The trophy is a uniquely designed hand carved wooden trophy made by the Indigenous Mahmeri tribe of Carey Island in Selangor.
This award is named after a beloved colleague and Malaysian activist who had drowned in the Baram River whilst on a fact finding mission to investigate human rights abuses inflicted on Indigenous Penan women in the interiors of Sarawak.
November 1994: A group of young activists went on a fact-finding mission to Ulu Baram, Sarawak to investigate the incidences of alleged rape of indigenous Penan women by forest rangers and other human rights violations. Among them was a young Justin Louis, KOMAS’ first coordinator who, armed only with a video camera, worked tirelessly in documenting the struggles of grassroots communities in Malaysia.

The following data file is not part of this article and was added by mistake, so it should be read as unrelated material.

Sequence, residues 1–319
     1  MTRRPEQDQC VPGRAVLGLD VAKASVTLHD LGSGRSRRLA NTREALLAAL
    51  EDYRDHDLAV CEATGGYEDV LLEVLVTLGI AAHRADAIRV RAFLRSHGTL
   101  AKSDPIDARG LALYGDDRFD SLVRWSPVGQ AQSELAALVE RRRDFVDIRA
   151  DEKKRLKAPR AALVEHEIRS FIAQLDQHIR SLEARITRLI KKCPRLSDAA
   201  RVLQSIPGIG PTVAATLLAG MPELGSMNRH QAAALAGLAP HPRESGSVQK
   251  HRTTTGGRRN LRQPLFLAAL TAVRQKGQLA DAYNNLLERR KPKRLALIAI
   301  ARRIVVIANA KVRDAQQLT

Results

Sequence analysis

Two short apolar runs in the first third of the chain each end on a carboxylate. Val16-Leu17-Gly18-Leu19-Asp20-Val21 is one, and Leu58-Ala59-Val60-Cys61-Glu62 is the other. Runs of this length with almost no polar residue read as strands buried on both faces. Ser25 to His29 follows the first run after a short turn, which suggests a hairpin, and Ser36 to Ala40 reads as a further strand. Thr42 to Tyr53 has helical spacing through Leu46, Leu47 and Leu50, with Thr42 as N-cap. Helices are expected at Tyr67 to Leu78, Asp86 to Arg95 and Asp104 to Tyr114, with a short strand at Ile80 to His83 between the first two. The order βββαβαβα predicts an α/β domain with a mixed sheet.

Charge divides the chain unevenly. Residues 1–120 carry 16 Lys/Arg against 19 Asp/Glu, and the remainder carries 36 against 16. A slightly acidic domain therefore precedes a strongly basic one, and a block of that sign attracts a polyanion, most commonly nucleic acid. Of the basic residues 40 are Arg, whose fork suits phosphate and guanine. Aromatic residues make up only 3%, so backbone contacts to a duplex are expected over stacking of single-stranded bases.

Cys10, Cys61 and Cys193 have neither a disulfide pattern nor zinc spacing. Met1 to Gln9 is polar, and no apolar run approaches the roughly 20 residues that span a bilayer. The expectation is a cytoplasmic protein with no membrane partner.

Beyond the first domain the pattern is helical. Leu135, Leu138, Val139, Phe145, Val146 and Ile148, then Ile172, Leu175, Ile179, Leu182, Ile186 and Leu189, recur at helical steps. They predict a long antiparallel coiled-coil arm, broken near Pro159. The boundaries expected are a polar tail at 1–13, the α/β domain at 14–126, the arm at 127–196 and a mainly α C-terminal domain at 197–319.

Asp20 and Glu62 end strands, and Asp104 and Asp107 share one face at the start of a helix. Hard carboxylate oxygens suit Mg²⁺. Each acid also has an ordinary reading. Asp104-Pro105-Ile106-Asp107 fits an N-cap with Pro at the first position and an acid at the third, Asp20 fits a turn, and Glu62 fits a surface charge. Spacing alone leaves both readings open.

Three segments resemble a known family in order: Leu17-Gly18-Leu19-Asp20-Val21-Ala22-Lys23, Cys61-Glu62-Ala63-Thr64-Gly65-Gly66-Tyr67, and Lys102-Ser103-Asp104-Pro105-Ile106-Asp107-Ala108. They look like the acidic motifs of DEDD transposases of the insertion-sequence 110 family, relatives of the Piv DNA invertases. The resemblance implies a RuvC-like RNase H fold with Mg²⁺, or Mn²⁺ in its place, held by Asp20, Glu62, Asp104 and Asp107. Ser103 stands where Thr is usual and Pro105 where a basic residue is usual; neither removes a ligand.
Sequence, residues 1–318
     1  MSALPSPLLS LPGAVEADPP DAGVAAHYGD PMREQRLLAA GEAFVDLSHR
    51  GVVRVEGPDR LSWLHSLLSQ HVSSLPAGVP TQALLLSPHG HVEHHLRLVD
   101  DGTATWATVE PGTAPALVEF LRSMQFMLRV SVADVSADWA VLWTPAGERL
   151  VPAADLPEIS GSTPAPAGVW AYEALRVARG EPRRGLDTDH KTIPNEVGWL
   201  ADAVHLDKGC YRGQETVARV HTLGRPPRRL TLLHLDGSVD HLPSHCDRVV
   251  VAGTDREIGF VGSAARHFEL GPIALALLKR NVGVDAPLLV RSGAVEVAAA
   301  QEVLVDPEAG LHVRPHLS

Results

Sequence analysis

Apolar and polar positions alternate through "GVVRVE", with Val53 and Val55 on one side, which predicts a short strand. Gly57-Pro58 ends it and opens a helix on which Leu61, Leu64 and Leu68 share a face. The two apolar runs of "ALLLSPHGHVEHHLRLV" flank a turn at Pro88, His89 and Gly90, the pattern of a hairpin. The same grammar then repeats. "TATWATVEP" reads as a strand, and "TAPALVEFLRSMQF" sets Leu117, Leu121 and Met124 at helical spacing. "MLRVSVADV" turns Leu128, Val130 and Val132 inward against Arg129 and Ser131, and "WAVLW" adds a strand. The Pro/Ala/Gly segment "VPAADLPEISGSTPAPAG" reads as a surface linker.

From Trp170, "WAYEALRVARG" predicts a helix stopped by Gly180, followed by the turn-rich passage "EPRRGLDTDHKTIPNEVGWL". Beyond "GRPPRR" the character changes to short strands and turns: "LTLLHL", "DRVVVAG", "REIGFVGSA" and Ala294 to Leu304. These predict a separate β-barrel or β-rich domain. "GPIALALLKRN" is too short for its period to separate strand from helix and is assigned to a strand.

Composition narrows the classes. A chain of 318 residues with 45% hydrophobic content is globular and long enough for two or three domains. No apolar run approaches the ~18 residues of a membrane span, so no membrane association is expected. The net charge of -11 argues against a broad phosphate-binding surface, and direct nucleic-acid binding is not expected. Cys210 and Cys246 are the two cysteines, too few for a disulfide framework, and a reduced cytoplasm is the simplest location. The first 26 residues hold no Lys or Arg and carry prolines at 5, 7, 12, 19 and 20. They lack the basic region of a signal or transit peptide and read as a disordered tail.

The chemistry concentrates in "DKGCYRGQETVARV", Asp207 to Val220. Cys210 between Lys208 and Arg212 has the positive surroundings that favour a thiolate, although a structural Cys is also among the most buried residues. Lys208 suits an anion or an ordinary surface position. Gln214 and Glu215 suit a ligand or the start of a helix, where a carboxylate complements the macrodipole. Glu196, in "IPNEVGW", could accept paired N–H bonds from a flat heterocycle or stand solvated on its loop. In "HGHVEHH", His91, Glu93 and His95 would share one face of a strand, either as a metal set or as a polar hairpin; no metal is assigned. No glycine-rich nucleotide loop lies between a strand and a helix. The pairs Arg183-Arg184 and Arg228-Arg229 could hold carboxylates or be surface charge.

As the long boat carrying the fact-finding mission team travelled up the mighty Rejang river, the boat encountered complications and capsized. Justin lost his life in the strong rapids. He was only 30.
Justin Louis believed in the power of moving images in bringing about social awareness and meaningful change. His zest and passion for life was matched by his commitment to transform the lives of the marginalised and oppressed in society.